The additive cognitive bias
People are surprisingly good at adding to rather than subtracting away.
Think about it. How often do you go about throwing away what you have and decluttering vs. how often you decide to buy stuff?
This tendency to add to is a cognitive bias that I only recently came to know.
In an interesting article on Scientific American, the author says:
Leidy Klotz, an engineer at the University of Virginia, noticed that minimalist designs, in which elements are removed from an existing model, were uncommon. So he reached out to Gabrielle Adams, a social psychologist at the university, to try to figure out why this was the case. The two researchers hypothesized that there might be a psychological explanation: when faced with a problem, people tend to select solutions that involve adding new elements rather than taking existing components away.
That’s remarkable. Here are some examples:
(from the study/article) The balance bike is a fantastic invention. For several decades we taught our kids how to ride bicycles with bicycles equipped with training wheels. Only recently the balance bikes have become quite a thing. For all this time, we have had an inelegant solution (adding training wheels) and overlooked an elegant solution (subtract the pedals out).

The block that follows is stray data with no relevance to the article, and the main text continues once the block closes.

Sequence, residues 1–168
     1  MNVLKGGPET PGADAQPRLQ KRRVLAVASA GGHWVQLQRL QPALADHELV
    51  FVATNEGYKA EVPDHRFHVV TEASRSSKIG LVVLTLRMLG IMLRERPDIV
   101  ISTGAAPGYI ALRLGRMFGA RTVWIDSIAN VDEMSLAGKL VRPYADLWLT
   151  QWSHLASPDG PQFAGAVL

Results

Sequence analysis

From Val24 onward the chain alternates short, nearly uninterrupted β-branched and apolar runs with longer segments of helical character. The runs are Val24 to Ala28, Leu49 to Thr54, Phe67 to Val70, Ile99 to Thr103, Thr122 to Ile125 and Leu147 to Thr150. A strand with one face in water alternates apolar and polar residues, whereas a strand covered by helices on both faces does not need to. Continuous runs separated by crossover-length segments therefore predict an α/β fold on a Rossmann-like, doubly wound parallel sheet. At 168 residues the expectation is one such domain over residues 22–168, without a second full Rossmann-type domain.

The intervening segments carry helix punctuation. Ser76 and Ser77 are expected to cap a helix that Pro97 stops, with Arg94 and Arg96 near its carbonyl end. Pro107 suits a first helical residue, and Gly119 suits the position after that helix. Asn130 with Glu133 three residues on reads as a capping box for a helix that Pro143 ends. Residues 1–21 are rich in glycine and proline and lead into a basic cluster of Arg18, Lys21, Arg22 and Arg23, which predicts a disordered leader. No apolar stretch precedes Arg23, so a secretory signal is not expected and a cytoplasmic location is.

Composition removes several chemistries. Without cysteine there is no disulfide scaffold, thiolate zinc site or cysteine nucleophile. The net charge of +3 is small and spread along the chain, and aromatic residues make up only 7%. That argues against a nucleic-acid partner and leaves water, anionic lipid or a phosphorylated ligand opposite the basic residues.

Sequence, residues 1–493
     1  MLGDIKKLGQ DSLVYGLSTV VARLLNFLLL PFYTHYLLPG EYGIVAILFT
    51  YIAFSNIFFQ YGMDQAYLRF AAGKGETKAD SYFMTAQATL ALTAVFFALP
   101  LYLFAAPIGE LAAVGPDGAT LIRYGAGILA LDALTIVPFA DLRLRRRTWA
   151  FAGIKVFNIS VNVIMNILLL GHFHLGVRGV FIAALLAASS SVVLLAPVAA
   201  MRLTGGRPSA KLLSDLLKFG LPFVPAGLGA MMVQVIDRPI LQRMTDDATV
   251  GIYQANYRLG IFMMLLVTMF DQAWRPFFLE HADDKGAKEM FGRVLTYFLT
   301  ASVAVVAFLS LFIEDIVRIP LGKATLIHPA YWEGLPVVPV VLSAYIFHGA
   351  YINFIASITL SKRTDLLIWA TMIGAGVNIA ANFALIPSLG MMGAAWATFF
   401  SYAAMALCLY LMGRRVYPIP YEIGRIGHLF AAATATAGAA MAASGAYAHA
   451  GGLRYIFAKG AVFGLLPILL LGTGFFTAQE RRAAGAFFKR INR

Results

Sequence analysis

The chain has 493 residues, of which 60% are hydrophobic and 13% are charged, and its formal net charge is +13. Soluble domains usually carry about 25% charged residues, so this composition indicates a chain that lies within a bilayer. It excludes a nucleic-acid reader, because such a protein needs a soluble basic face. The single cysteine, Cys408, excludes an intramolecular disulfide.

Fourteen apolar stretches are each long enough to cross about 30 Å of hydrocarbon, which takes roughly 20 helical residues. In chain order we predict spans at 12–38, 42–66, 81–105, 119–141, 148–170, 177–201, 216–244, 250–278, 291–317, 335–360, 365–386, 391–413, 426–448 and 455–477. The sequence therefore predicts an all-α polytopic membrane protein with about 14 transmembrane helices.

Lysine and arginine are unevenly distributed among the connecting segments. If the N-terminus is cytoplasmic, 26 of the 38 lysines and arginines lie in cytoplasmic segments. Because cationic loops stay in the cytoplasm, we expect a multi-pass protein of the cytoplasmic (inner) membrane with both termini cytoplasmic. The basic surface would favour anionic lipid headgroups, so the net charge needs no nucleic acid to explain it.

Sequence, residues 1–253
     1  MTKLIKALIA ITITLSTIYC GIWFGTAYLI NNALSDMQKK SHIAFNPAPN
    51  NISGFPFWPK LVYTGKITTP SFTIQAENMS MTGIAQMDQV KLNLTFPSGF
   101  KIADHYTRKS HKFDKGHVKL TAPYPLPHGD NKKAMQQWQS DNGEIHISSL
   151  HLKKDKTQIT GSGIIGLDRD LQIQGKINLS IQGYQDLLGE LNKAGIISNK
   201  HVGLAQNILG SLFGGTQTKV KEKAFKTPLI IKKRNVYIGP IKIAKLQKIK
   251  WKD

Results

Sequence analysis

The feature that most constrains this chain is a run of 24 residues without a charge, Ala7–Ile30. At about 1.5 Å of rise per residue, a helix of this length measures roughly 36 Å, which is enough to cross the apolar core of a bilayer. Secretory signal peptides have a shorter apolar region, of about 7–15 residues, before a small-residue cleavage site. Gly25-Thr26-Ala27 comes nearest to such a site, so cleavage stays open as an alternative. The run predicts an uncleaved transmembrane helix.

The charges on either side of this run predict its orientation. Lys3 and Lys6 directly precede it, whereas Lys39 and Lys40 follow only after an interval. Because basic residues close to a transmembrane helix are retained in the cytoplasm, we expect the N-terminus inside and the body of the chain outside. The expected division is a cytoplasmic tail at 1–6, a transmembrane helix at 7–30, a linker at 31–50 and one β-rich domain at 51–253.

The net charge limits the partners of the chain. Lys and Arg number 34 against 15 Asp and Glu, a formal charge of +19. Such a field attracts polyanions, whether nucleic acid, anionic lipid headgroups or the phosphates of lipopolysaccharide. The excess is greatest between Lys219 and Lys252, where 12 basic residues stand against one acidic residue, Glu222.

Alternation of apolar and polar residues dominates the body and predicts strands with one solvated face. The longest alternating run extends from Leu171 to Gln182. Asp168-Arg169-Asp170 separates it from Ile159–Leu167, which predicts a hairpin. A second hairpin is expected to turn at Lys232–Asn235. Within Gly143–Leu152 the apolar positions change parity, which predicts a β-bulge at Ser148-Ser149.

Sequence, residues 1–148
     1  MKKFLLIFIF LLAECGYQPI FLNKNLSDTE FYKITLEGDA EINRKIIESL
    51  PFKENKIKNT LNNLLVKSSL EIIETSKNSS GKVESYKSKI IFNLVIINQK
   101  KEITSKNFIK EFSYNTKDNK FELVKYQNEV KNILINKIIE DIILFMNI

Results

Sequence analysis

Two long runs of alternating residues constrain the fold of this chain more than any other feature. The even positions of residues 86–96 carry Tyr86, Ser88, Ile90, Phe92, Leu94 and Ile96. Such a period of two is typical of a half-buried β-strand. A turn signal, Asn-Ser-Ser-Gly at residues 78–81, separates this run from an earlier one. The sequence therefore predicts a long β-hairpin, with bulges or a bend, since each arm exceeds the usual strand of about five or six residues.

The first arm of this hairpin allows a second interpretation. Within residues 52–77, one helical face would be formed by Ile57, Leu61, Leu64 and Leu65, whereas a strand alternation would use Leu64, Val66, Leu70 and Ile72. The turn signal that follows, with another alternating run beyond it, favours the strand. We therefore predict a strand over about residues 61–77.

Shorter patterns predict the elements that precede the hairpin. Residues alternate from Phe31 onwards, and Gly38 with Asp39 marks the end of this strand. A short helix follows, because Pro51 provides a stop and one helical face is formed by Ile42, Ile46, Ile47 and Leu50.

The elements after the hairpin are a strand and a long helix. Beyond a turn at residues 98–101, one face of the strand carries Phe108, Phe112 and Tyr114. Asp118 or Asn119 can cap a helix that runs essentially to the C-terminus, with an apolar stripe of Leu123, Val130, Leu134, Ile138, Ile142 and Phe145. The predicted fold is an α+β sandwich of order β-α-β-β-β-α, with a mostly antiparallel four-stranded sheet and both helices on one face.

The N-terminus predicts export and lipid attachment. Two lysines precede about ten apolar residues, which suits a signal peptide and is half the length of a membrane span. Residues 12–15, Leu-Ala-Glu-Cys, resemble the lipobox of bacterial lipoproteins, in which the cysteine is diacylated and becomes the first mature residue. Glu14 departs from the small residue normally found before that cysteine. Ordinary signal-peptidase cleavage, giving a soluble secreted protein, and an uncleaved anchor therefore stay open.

(from the study) When completing a lego brick puzzle, where a bridge was wobbly, most participants decided to add more blocks rather than remove (and interestingly, a child removed a block).
(from the study) In a computer puzzle where they had to make a pattern symmetrical, most people chose to add tiles rather than remove them (which would have required fewer clicks).
I am also reminded of Braess’s paradox where adding one or more roads could make the traffic much worse.
If you have read Thinking Fast and Slow, you know about mental heuristics — the shortcuts that we take when thinking.
So this tendency to add to things is a cognitive bias and a type of heuristic that we use and has only recently been discovered.
Another remarkable finding is that when the study participants were under high cognitive load or were distracted, they could use subtractive skills more often.
Let’s watch out for additive cognitive bias next time we think of buying something or when solving problems. Think about it the next time you want to add more features to your code, think about it when you are thinking more things your team should do. Without subtracting away, you can’t get to what Einstein said: “Everything should be made as simple as possible, but no simpler.”